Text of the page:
Your Letters from the March 2015 Issue
Send letters to Editor Rick Broussard, New Hampshire Magazine, 150 Dow St. Manchester, NH 03101 or e-mail him at email@example.com.
Honoring Chef Haller
Susan Laughlin’s article on Chef Jim Haller in the February issue was read with pleasure and brought back a memory or two of the time when I did typing (yes, real typing) of the rough drafts for his first three cookbooks. He came into the store I worked at and as we talked he asked if I knew anyone who might like a job typing for him. That’s how we became friends, and my knowledge of cooking terms, utensils and the magic of mixing unexpected ingredients together to create treasures are things that I will always remember. He will always be the first “celebrity” I met and consider myself privileged to know such a talented and creative gentleman.
Mary Ann Roberge
Editor’s Note: We received so many online notes from friends and admirers of Chef Haller that he responded with the following: “Truly, I’m not quite certain how to handle all this, nonetheless I am honored, surprised and humbly grateful, especially to have been a part of Portsmouth, and all of the chefs who continue to amaze the world with their brilliant cooking. Thank you everyone.”
During Christmas weekend, my wife and I rode Amtrak to Boston in order to visit our son in Concord, NH. Amid the conversations and the visiting, I looked through some of the magazines in his apartment. I’m a long-time motorcycle, car, plane and railroad nut — since well before I bought my first Honda in 1966.
I’m also a business and technical writer, and an English teacher. I read Ms. Tryba’s “Color Guard,” for two reasons: the riders’ reverence for veterans and their families, and the motorcycles. And, as somebody whose parents were also in the word police, I’m frequently annoyed by the many news writers who seem to function only when there is a box of buzzwords, misused terms and half-truths nearby.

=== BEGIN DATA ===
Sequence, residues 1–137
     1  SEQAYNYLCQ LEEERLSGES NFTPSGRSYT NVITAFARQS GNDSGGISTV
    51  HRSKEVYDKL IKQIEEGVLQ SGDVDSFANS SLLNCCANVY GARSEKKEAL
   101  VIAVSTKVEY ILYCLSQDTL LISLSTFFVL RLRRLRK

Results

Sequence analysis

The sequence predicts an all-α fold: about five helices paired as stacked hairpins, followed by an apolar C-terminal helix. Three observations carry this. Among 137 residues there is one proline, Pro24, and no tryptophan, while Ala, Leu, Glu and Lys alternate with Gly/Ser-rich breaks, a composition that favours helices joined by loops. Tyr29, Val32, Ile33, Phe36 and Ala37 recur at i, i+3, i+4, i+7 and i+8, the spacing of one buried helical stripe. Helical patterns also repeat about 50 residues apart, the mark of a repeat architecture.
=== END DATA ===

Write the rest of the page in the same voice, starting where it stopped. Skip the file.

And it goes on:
This is a great article, not only in its elegant precision, but in the fullness of the meanings that stick with the reader- — it’s much more a meal than a snack.
Please, for me, commend and congratulate Ms. Tryba for this beautiful effort.
Andrew R. Fabian
Challenges and Joys
Thank you so much for your excellent article on the photo project and cultural diversity issues [“New in Town,” January 2015]. I have heard from many friends working with immigrants and refugees who say that you captured so well the essence of the issues in New Hampshire. This article will be helpful in educating the public on the challenges and joys that immigrants face in our state.
Rebecca is Right
Kudos to Rebecca Rule for her spin of Elizabeth Barrett Browning’s ode! [“Last Laugh,” February 2015] I read this just as my husband had come in from filling my bird feeders … ’cause I feel so sorry for those poor little creatures in the cold. I walk to the car in the morning and feel the crunch of the salt that he’s placed on my path.
Rebecca is right … forget the waxy chocolate. It’s the dead-of-winter kind of love that trumps stuffed animals holding hearts and flowers that only fade in days. Thanks for a fun read! (And yes … we have lived on Browning Drive here in Dover for 30+ years now.) He also helps me find the newts! Grow old along with me … my eyesight isn’t what it used to be!